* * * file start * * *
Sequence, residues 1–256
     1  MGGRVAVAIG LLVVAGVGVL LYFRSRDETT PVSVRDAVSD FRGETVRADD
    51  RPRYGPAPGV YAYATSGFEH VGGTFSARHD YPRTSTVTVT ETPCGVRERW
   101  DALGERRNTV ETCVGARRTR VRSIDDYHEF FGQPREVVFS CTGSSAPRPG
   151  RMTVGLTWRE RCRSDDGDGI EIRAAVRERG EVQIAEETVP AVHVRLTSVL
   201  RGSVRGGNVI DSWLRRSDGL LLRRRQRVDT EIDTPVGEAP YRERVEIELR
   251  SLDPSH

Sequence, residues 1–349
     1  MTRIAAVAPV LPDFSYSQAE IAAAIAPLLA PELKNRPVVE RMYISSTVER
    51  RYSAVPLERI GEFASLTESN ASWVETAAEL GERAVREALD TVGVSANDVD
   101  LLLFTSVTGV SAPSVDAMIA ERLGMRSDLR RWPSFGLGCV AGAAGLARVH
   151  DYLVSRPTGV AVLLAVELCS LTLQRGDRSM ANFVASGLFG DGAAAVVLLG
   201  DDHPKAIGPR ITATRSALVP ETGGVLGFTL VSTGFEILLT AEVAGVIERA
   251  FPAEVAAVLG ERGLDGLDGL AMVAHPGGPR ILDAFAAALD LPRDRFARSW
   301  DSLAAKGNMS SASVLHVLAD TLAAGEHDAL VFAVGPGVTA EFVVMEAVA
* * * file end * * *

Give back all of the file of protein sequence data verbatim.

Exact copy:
Sequence, residues 1–256
     1  MGGRVAVAIG LLVVAGVGVL LYFRSRDETT PVSVRDAVSD FRGETVRADD
    51  RPRYGPAPGV YAYATSGFEH VGGTFSARHD YPRTSTVTVT ETPCGVRERW
   101  DALGERRNTV ETCVGARRTR VRSIDDYHEF FGQPREVVFS CTGSSAPRPG
   151  RMTVGLTWRE RCRSDDGDGI EIRAAVRERG EVQIAEETVP AVHVRLTSVL
   201  RGSVRGGNVI DSWLRRSDGL LLRRRQRVDT EIDTPVGEAP YRERVEIELR
   251  SLDPSH

Sequence, residues 1–349
     1  MTRIAAVAPV LPDFSYSQAE IAAAIAPLLA PELKNRPVVE RMYISSTVER
    51  RYSAVPLERI GEFASLTESN ASWVETAAEL GERAVREALD TVGVSANDVD
   101  LLLFTSVTGV SAPSVDAMIA ERLGMRSDLR RWPSFGLGCV AGAAGLARVH
   151  DYLVSRPTGV AVLLAVELCS LTLQRGDRSM ANFVASGLFG DGAAAVVLLG
   201  DDHPKAIGPR ITATRSALVP ETGGVLGFTL VSTGFEILLT AEVAGVIERA
   251  FPAEVAAVLG ERGLDGLDGL AMVAHPGGPR ILDAFAAALD LPRDRFARSW
   301  DSLAAKGNMS SASVLHVLAD TLAAGEHDAL VFAVGPGVTA EFVVMEAVA